In the second stage of her heat, your dog is ready to breed. This will last another one to three weeks, depending on your dog, and is the time when she is actually fertile.
The bloody discharge will usually turn into a clear or brownish color, and she will show interest in male dogs.
Female dogs in heat do a distinctive act called flagging when they are around male dogs. Unlike the first stage, where she was tucking her tail between her legs, she now moves her tail to the side to invite a male dog to mate.
End of the Heat
At this point, your dog is no longer interested in mating. Her heat is over and she is not fertile anymore. The vaginal discharge stops and the swelling goes away.
The next stage in her reproductive cycle is the resting stage, which will last about 100-150 days until her next heat. If, however, your dog got pregnant during her heat, you can expect her to give birth to her puppies after about 60 days.
Is She Having Cramps? Or Is She in Pain?
Although your dog might moan or cry while she is in heat, it doesn’t mean that she is having cramps. At least not like the typical menstrual cramps that people assume.
In humans, the period is the end of the fertile cycle, and cramps are due to the body trying to get rid of the uterine lining that has built up.
For dogs, bleeding is the start of their fertile stage. Their bleeding during heat is a more passive event. Changes in hormone levels cause the blood vessels in the uterus to become more permeable. This is part of the swelling you see while your dog’s body is getting ready to create a home for her puppies.
There is no evidence of muscle contractions that would lead to cramps. There are changes taking place in her body during the heat cycle, which might make your dog uncomfortable, which could be part of why she is crying.
We can’t say for sure that your dog isn’t having some minor pain or discomfort during this time. We can’t ask them after all, but we can say that it’s not a typical human period cramp.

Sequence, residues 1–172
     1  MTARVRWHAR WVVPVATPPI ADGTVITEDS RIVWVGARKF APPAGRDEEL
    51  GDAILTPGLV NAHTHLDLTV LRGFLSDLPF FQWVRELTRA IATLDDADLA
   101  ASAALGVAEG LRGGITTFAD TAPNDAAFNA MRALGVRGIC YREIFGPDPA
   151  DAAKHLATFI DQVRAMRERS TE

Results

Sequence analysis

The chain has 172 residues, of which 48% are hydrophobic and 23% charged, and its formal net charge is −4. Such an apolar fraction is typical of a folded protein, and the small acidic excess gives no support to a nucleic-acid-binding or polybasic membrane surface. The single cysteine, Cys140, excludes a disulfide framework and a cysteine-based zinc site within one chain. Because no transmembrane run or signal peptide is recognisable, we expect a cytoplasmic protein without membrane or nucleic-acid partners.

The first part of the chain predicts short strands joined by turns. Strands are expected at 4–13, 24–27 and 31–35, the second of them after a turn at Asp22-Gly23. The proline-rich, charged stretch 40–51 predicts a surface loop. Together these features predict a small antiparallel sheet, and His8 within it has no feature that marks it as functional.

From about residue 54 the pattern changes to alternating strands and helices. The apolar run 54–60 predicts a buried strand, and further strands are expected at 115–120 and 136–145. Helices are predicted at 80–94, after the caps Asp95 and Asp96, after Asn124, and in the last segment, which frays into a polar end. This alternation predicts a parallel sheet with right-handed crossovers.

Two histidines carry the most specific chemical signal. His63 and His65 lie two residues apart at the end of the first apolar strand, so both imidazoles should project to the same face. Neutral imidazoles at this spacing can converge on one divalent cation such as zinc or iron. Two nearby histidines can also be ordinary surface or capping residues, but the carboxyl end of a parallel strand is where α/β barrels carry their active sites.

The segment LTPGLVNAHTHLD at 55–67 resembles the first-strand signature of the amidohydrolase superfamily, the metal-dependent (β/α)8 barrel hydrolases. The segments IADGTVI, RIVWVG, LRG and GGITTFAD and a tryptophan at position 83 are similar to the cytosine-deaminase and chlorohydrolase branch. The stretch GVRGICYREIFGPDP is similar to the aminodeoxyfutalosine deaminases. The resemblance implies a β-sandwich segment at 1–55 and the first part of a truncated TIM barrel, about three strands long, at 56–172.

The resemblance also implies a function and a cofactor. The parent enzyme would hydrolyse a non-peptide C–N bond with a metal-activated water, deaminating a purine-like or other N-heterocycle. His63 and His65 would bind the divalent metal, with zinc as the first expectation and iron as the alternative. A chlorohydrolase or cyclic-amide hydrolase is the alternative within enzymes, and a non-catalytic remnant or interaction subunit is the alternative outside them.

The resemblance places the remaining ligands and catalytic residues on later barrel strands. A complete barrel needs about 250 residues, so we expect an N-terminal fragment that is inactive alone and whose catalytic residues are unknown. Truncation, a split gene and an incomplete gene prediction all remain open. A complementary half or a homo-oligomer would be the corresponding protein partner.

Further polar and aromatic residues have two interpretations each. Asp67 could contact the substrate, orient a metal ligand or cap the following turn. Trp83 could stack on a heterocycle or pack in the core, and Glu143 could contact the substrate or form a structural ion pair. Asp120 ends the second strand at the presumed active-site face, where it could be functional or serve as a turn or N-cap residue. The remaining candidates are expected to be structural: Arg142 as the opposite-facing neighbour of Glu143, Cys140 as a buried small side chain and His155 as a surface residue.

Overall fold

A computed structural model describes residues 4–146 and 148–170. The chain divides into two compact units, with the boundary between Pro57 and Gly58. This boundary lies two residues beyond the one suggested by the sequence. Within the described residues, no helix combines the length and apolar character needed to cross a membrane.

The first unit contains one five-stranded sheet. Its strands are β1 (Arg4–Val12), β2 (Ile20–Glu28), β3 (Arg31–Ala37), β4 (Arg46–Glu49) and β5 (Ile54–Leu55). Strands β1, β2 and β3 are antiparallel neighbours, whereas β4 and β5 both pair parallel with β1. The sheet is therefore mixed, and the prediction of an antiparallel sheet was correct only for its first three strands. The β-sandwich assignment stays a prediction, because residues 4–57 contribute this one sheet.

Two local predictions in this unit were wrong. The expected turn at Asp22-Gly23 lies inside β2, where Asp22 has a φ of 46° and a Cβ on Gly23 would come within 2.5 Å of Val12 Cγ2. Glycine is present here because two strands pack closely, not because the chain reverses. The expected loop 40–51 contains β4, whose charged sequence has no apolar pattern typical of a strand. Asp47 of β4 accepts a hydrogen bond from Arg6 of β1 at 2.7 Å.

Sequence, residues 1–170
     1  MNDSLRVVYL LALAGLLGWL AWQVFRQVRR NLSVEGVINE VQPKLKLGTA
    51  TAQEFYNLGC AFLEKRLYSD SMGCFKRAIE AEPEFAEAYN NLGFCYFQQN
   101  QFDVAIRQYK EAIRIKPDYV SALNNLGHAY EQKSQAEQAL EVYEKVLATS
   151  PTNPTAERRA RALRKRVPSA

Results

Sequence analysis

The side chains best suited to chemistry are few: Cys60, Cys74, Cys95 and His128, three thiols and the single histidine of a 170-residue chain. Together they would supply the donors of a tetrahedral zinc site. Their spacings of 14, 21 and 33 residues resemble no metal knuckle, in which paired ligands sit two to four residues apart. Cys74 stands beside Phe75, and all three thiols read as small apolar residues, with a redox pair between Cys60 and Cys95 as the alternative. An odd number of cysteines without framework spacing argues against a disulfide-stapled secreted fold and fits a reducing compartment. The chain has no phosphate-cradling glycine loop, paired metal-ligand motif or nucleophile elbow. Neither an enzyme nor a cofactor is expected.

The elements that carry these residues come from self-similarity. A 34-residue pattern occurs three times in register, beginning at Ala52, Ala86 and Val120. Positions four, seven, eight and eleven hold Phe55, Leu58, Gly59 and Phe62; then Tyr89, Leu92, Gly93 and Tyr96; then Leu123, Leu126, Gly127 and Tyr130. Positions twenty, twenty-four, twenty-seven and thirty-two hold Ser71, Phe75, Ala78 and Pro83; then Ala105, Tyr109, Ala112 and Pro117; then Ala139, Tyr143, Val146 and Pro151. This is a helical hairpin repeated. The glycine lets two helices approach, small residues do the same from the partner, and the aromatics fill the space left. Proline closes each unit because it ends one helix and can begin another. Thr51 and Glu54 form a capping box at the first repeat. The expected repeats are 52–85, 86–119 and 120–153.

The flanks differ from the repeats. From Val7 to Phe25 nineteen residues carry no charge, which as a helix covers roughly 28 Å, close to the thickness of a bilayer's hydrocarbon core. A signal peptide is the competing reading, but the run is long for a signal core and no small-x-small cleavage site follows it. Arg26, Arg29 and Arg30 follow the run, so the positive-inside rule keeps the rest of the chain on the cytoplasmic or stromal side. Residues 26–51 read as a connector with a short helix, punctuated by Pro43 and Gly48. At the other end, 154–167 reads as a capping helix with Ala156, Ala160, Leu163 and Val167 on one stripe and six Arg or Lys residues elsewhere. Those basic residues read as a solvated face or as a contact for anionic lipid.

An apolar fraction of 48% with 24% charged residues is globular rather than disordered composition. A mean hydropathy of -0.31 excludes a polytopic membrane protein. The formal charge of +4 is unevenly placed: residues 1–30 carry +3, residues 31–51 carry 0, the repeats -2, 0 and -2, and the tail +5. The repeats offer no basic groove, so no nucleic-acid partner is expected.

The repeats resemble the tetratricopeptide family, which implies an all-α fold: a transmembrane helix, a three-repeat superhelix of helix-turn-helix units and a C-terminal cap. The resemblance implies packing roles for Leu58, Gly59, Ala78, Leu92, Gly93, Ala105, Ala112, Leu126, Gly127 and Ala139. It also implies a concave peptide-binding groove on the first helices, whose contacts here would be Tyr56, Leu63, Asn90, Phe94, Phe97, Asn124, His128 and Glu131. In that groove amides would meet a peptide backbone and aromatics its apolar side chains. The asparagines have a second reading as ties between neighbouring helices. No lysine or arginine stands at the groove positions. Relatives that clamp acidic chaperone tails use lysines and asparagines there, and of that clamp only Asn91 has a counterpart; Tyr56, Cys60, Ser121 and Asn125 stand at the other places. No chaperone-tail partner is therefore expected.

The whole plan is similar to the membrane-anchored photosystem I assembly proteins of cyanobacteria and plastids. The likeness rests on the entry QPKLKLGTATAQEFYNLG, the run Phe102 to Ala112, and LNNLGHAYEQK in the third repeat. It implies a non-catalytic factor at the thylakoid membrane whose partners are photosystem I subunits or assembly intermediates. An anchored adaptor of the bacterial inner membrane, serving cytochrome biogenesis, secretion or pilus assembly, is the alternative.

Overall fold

Many dogs seem uncomfortable and agitated, but they do not experience the same cycle that women go through.
Often the moaning or crying behavior that your dog exhibits during this time is her seeking attention. She might be trying to get some extra affection from you, or even signaling to any nearby male dogs that she is ready to breed, similar to a mating call.
Even if your dog isn’t experiencing cramps during her heat, she might be uncomfortable and feel the effects of her changing hormone levels. You can still try to make the experience a little better for her.
What Should I Do For My Dog While She’s In Heat?
The most important thing you can do for your female dog in heat, assuming that you aren’t actively breeding her, is to keep her away from other dogs.
If you don’t want her to have puppies, then definitely keep her away from intact male dogs. The fluctuating hormones cause female dogs in heat to give off pheromones that will drive the boys crazy.
Male dogs can smell a female in heat from miles away, and there is very little that will stop them from getting to her.
But it’s a good idea to keep her away from other females as well, because they can become aggressive toward her during this time. Don’t let her outside alone or let her off-leash on your walks while she is in heat.
All female dogs act a bit differently while they are in heat. If your dog seems up for it, continue to give her regular exercise. Decide what the right amount of exercise is for her during this time by monitoring her behavior. And if all else fails and you have no idea what she needs or why she is crying, give her a little more attention and affection.